Family lore offers variations of what followed. Tiny may have tapped the bridge with his paddle. He certainly called Lula either “cutie” or “sweetie.” Equally certain, Lula turned down the corners of her mouth and let him know that such a fresh young man would never get anywhere with her.

They told that story to their children and grandchildren for decades.

I learned its vague outlines before I ever met any of them. They are inscribed on a cement bench near where the bridge once stood: “J. Caldwell ‘Tiny’ Wicker RC’17 and Lula Jones Puckett WC’17 met nearby in 1915 and were married in 1917.”

I’ve been noticing benches on my walks all over campus. They preserve with elegant brevity the names of alumni and celebrate entire graduating classes. It’s hard to find a bench that doesn’t mark someone in whose footsteps we walk, not just metaphorically but physically. A campus with a tradition and community like ours is like that.

A few weeks after I first noticed Lula and Tiny’s bench, I called up their youngest son, Jim. Now in his 80s and slowed by Parkinson’s, he brought his bride, Theresa, to campus to share family photos and stories with me at the fountain in front of Puryear Hall. I learned that all the grandkids had come to call Tiny “Gaggy” when one couldn’t say “Grandaddy.” I heard about the old-time car Tiny and Lula rode around in to celebrate their 50th anniversary with family and friends.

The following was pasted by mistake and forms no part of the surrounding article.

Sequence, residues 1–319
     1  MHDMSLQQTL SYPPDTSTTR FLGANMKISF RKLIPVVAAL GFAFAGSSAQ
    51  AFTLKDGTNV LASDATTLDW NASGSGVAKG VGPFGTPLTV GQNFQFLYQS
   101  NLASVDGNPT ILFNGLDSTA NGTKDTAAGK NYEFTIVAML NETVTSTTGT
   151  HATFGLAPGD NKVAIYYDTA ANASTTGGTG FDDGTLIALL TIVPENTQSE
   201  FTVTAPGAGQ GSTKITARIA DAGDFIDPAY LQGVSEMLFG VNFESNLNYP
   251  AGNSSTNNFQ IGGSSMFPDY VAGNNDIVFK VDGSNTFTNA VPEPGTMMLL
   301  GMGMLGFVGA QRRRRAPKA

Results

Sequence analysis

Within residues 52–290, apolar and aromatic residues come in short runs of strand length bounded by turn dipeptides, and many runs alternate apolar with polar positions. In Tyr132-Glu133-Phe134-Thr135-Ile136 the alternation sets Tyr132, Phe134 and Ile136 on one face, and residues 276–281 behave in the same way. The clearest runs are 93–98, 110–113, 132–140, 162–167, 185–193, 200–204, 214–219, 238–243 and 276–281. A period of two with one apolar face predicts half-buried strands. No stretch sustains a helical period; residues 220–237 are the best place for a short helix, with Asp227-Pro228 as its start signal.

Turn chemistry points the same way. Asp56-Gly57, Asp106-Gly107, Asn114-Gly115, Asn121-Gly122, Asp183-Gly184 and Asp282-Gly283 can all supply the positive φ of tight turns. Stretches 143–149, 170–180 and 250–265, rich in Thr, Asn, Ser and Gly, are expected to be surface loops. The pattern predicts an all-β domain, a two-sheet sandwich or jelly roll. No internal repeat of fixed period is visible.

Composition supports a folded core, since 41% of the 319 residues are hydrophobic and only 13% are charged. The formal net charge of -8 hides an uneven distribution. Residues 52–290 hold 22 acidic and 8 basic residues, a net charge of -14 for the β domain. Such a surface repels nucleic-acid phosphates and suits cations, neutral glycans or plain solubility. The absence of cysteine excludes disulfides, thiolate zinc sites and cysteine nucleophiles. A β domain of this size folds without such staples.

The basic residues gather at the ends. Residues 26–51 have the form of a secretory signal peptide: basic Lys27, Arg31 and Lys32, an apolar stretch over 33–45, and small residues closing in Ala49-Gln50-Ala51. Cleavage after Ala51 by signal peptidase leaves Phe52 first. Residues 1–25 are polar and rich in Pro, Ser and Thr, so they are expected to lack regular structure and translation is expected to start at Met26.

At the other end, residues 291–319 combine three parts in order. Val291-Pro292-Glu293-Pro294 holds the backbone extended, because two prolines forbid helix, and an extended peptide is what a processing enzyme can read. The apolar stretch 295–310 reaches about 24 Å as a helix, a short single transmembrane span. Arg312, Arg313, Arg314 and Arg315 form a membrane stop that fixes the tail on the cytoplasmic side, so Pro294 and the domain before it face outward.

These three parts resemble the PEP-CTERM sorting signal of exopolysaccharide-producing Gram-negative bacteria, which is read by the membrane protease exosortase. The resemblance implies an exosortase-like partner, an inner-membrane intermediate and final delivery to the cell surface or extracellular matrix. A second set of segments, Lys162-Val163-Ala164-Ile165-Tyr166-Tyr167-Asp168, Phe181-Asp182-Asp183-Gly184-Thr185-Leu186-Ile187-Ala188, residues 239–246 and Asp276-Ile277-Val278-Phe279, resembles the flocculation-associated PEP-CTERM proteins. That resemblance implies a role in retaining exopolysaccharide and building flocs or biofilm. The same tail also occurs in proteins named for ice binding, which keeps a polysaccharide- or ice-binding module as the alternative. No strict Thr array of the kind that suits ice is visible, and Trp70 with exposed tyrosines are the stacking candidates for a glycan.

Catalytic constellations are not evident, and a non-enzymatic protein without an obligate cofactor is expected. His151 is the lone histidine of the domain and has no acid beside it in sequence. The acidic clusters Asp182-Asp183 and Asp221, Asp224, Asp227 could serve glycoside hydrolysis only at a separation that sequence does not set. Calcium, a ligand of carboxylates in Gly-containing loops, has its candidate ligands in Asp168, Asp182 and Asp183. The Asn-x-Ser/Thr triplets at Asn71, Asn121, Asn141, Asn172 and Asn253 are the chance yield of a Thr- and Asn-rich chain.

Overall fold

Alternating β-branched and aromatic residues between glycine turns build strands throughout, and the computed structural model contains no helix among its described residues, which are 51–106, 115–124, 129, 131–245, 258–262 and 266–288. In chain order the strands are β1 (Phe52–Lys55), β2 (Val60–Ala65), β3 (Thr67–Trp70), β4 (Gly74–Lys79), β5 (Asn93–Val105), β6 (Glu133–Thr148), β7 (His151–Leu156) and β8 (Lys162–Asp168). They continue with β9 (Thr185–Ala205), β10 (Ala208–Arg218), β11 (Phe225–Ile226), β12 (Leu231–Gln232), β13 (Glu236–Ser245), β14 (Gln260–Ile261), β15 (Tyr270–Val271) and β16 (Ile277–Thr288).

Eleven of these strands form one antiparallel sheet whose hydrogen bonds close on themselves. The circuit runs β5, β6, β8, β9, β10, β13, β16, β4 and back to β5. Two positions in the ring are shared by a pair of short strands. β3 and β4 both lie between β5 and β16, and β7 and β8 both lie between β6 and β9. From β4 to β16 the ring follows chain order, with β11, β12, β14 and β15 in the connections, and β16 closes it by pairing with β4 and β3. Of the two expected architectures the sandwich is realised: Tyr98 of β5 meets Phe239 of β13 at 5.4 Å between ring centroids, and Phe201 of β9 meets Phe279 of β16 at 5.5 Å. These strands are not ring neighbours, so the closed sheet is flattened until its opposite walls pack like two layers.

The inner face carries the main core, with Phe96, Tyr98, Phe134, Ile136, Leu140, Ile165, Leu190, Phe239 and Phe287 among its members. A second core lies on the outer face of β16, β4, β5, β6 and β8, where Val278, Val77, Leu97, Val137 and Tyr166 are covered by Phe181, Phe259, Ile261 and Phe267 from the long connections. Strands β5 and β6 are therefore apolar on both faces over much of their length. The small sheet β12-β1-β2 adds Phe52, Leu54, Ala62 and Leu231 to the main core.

I heard that Lula kept turning down the trademark corners of her mouth all her life. Jim, his sister, and his brother all followed Tiny and Lula to UR. So far, at least one of the next generation has, too.

The story behind their bench begins with Theresa’s open-heart surgery 20 or so years ago. As she recovered, the couple started gingerly walking around Westhampton Lake. On one of those walks, a memorial bench with a friend’s name caught Jim’s eye and made him recall a pledge his father had made many years before. Jim helped him keep it.